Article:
Tuesday's report called out former News International and Dow Jones boss and long-time Murdoch ally Les Hinton as one of the people who had misled the U.K. parliament. The others were former News of the World editor Colin Myler and top lawyer Tom Crone. The committee said it was up to the parliament to decide what would happen to them. The House of Commons could call them in to publicly apologize, some U.K. media reported. Legal implications were less clear though.
One U.K. industry observer who didn't want to be named suggested that the top leadership, including Rupert and James Murdoch, would not feel any legal or other heat from Tuesday's report beyond maybe a public black eye. They may have been found to have failed investigating the phone hacking allegations properly and encouraging a culture, in which phone hacking could happen, but they were not found to have misled parliament. And they were not found to have known about the extent of hacking, observers emphasized.
Observers also highlighted that the committee approved its final report in a six-to-four vote that was largely along party lines. Conservative Party member Louise Mensch, who sat on the committee, told Sky News that the description of Murdoch as not fit might allow the company to highlight the partisan divisions on the committee as Conservatives voted against that part. She argued that this could be viewed as an “attempt to influence Ofcom” and ultimately could allow News Corp. to get off the hook in terms of any possible U.K. fallout.
Media analyst Claire Enders also told Sky News: "For the management of News Corp., the high-jacking of the report for political purposes is something they would have seen as a great sigh of relief." About the committee's ability to comment on BSkyB and Murdoch's fitness to own part of it, she said it was "way outside [its] brief…As far as I know, Rupert Murdoch has never been actively involved in BSkyB."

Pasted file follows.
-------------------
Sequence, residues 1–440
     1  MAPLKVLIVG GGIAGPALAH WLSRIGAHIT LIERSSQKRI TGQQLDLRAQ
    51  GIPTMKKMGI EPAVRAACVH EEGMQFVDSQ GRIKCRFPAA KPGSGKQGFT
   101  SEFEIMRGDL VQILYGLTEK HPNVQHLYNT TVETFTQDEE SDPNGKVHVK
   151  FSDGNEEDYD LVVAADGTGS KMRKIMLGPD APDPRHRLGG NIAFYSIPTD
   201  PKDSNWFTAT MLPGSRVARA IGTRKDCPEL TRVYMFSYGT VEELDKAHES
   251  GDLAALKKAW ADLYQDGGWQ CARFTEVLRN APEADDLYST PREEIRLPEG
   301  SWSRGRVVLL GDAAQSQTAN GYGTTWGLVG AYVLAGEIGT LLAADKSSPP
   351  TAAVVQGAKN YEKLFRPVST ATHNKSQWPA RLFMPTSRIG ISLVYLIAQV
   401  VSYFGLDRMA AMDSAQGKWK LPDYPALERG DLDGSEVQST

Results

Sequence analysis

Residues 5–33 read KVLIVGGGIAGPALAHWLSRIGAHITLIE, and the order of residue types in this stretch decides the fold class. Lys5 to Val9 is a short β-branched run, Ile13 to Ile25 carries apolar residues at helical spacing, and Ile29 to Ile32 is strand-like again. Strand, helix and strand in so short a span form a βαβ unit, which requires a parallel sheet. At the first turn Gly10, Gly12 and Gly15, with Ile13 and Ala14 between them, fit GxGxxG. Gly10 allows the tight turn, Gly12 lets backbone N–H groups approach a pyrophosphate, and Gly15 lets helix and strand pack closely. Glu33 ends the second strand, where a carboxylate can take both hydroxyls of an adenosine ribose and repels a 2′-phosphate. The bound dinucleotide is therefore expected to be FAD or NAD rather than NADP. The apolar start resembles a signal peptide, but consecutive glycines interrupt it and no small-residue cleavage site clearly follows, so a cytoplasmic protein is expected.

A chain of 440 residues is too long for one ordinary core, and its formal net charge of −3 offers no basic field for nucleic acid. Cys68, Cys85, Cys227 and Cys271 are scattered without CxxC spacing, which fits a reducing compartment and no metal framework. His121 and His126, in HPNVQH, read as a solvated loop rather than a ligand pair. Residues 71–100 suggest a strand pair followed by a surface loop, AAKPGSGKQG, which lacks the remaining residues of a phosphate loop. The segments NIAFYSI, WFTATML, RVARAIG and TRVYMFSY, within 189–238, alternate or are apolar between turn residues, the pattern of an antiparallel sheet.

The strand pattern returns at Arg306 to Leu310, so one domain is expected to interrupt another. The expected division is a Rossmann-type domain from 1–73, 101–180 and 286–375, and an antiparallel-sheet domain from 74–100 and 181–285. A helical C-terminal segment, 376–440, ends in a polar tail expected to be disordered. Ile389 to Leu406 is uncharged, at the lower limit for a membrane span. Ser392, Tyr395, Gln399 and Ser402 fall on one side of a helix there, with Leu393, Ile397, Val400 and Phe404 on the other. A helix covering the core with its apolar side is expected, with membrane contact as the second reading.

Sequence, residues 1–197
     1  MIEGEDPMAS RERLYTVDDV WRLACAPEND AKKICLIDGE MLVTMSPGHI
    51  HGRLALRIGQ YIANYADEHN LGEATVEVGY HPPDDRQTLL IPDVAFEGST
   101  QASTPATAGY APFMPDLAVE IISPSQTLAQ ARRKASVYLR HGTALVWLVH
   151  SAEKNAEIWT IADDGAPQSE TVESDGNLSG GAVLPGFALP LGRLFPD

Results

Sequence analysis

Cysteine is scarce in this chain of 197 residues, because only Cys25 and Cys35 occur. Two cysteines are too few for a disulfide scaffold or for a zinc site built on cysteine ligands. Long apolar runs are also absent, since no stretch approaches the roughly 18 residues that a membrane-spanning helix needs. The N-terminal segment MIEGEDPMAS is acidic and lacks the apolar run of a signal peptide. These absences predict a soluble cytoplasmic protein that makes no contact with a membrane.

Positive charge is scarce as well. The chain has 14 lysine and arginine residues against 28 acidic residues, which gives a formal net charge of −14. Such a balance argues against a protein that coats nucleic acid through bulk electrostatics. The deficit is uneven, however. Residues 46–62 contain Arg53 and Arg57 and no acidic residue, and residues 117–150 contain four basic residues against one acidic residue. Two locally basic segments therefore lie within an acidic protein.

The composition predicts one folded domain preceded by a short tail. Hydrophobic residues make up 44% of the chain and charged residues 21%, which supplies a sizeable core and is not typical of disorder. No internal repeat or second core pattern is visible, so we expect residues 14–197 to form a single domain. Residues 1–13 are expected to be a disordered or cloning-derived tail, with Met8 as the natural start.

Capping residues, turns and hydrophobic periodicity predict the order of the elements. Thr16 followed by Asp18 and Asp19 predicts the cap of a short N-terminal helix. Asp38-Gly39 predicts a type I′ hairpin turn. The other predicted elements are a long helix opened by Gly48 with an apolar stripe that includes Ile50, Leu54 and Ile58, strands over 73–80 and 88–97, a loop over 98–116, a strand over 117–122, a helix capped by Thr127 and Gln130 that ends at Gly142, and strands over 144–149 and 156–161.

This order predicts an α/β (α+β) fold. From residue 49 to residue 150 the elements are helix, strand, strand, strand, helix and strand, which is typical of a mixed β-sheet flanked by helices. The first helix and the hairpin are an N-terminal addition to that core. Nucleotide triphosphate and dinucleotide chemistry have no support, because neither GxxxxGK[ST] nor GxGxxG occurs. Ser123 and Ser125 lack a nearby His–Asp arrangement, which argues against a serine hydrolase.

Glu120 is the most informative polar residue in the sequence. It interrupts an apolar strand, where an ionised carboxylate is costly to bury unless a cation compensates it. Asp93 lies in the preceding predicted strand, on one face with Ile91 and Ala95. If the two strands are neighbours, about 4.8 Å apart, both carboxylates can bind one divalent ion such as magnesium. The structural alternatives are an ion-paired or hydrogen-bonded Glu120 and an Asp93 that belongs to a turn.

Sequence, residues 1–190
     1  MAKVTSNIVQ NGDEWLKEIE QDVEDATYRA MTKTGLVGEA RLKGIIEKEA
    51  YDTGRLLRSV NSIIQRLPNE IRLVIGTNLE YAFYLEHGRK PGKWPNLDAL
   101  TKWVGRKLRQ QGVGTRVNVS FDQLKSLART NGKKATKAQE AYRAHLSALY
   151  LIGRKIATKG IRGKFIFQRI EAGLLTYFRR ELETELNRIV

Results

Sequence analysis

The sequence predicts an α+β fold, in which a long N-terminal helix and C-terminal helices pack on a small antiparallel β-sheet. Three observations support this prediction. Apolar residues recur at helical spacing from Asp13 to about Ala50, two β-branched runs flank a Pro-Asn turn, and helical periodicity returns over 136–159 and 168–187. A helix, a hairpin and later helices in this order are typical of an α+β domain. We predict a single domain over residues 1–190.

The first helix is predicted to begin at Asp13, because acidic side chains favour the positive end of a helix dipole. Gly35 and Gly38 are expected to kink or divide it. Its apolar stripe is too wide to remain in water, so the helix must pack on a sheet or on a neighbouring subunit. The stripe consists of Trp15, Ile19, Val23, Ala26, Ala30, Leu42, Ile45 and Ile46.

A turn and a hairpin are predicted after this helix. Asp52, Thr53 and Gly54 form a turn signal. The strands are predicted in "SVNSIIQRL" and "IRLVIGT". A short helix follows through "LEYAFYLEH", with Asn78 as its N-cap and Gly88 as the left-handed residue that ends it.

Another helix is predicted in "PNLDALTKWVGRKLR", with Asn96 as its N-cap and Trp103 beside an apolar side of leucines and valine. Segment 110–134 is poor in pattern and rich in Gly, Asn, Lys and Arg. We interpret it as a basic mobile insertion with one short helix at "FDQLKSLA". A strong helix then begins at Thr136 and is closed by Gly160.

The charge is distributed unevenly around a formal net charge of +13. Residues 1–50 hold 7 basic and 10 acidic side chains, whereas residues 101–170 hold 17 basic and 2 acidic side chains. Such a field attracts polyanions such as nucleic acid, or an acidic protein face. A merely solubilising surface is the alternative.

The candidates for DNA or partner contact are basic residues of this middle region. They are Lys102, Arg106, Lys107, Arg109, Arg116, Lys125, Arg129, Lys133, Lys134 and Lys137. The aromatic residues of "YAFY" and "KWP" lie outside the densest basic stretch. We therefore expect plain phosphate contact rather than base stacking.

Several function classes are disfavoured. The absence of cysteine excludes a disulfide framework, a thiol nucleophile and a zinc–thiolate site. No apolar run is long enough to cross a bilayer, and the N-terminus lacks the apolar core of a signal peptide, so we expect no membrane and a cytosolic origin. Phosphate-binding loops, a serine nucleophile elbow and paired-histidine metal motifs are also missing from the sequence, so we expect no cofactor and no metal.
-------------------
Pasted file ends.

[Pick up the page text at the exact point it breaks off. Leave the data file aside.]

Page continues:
Greenfield, in his report entitled Why "Bad" Would Be "Good" for News Corp. Shareholders," also commented on the potential reduction in the conglomerate's stake in BSkyB, and took a more bullish view than Gould.
"We continue to believe News Corp. being declared “unfit” to own/control media assets in the U.K. would ultimately be viewed positively for News Corp. shareholders," Greenfield wrote. "News Corp. has never received full credit for the value of its unconsolidated BSkyB investment, and an auction of News Corp.’s voting control stake in BSkyB would likely generate meaningful incremental value to News Corp. investors."
Also, News Corp.’s stock market valuation "would benefit from simplicity" as investors tend to dislike conglomerate structures and "increased cash on hand would continue to enable a robust share buyback," Greenfield said.
The analyst also expressed hope that the conglomerate could end up deciding to sell off its U.K. newspapers as investors have long expressed hope to reduce the firm's exposure to a business with growth challenges. "The business has become significantly less profitable since the closure of News of the World with overhead bloated relative to the division’s remaining revenues," Greenfield said.